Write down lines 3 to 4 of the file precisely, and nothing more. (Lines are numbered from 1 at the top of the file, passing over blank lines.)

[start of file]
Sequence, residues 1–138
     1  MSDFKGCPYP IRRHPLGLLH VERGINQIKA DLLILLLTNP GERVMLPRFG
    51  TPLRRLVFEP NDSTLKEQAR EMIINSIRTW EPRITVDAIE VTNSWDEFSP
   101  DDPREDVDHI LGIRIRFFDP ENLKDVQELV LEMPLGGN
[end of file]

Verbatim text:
    51  TPLRRLVFEP NDSTLKEQAR EMIINSIRTW EPRITVDAIE VTNSWDEFSP
   101  DDPREDVDHI LGIRIRFFDP ENLKDVQELV LEMPLGGN